As for Chhattisgarh, the Grand Old Party thought it was sitting pretty with Bhupesh Baghel in command and the BJP virtually marginalising the only state-level leader of consequence it had in former chief minister Raman Singh. In Telangana, the only state south of the Vindhyas electing a new assembly, the Congress party had shown promise, particularly after ousting the BJP in Karnataka.

Increasing revulsion against KCR family rule had alienated the powerful Reddys, who after initially flirting with the BJP, rushed to embrace the GOP post-Karnataka. As for Mizoram, the north-east state with a lone seat in the Lok Sabha, counting will take place on Monday. Typically, neither the national parties nor the media showed much interest. Incidentally, here the front BJP is allied with is set to retain power despite a hung verdict predicted by the exit polls. Given the huge margin of its success, the ruling duo in BJP might be tempted to replace Chauhan as chief minister. That would be a mistake. The election campaign had a downside insofar as both the national parties vied with each other in announcing freebies for the voters. Even Prime Minister Modi, after decrying what he called ‘revdis,’ could not resist the temptation to extend the free rations for 81.35 crore Indians for another five years. Remember, when it was last extended for a year ending later this month, the finance ministry had raised an objection. Now, the bill for a full five years is supposed to be over Rs 11 lakh crores. The race to distribute freebies at a stage when the economy may be primed for take-off is a retrograde move.

Voters come to take the freebies for granted, not being perennially grateful for them. For proof, look at KCR, who came up with a lot of meaningful and section-specific freebies. And in spite of these, he lost; or even Gehlot, who had announced a lot of people-friendly freebies.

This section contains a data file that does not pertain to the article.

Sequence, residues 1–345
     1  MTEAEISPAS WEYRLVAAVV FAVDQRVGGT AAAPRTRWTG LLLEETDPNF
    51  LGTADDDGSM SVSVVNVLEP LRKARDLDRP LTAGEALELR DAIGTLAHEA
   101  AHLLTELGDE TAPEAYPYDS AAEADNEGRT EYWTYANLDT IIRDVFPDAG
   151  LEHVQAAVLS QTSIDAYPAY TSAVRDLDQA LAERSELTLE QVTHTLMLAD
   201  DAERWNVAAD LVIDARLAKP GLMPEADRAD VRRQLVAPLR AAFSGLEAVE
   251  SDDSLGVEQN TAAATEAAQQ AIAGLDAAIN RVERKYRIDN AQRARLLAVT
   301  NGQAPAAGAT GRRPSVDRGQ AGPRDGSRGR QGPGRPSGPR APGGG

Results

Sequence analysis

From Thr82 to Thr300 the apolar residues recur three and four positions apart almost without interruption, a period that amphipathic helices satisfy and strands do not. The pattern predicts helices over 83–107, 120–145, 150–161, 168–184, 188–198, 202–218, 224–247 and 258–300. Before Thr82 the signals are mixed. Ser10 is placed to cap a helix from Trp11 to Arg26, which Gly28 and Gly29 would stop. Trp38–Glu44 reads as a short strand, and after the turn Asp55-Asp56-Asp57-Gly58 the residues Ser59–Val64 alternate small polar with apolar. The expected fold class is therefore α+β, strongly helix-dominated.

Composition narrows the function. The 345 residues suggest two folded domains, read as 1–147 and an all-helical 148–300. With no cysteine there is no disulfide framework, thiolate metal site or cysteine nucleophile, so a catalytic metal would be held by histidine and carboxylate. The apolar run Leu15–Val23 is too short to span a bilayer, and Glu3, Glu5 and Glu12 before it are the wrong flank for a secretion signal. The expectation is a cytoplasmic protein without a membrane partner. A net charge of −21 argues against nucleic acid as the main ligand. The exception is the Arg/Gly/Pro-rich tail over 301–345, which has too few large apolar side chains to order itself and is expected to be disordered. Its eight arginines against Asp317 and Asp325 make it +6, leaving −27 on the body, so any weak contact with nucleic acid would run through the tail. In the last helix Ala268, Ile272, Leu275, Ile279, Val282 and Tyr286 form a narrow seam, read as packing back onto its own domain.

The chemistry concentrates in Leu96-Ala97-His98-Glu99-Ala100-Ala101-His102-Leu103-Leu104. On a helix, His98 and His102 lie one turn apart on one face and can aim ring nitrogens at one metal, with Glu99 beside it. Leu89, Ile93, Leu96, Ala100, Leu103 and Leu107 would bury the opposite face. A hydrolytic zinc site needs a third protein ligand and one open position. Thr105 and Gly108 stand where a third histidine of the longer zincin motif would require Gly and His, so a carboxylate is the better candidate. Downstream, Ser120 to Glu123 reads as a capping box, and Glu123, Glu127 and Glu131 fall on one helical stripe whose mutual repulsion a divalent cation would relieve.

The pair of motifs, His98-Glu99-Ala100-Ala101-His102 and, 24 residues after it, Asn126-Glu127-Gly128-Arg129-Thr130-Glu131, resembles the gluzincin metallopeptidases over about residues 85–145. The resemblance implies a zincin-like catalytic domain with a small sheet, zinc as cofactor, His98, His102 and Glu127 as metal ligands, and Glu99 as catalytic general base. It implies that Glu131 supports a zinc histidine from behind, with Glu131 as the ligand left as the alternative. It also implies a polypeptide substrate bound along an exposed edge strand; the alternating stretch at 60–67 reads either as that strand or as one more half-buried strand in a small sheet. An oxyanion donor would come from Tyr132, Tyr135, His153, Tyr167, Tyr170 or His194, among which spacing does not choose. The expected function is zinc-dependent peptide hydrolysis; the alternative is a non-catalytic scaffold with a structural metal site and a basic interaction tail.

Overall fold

Meanwhile, Supriya Sule has averred that Sunday’s outcome will have no impact on the Lok Sabha polls. it is hard to say whether she was addressing her fears that the stupendous success of BJP may further cement the ruling three-party alliance in Maharashtra, causing even further exodus from her father’s much emasculated NCP faction, or she genuinely believed that overnight, the opposition leaders in the dotted coalition would sink their differences and suppress their egos to ensure a one-toone contest against the BJP.

If anything, the Sunday outcome will embolden regional leaders like Mamata Banerjee and Akhilesh Yadav to assert themselves, refusing to grant any quarter to Rahul Gandhi’s Congress. Indeed, the I.N.D.I.A experiment may be in jeopardy after the assembly blow to its main constituent. Regional parties will not yield an inch to Congress in the Lok Sabha poll, ensuring a premature death for the dotted alliance.

Meanwhile, it is time too not only for the Congress Party loyalists to think of a new leader in place of the old young man Rahul Gandhi, but for the BJP as well, to start grooming a second rung of leaders. Overdependence on Modi can leave the party leaderless when the time comes for Modi to call it a day.

Recall that he had, in his maiden speech in the Lok Sabha in 2014, sought but only ten years to set things right. He did set a lot of things which were wrong right, and introduced to the country a lot of right things, but he cannot go on indefinitely. He will be closer to 80 in 2029 and therefore must help the BJP put a competent second rung of leadership in place. Just as the Vajpayee-Advani duo had done before him. He was part of that second rung which came to shine the brightest of them all.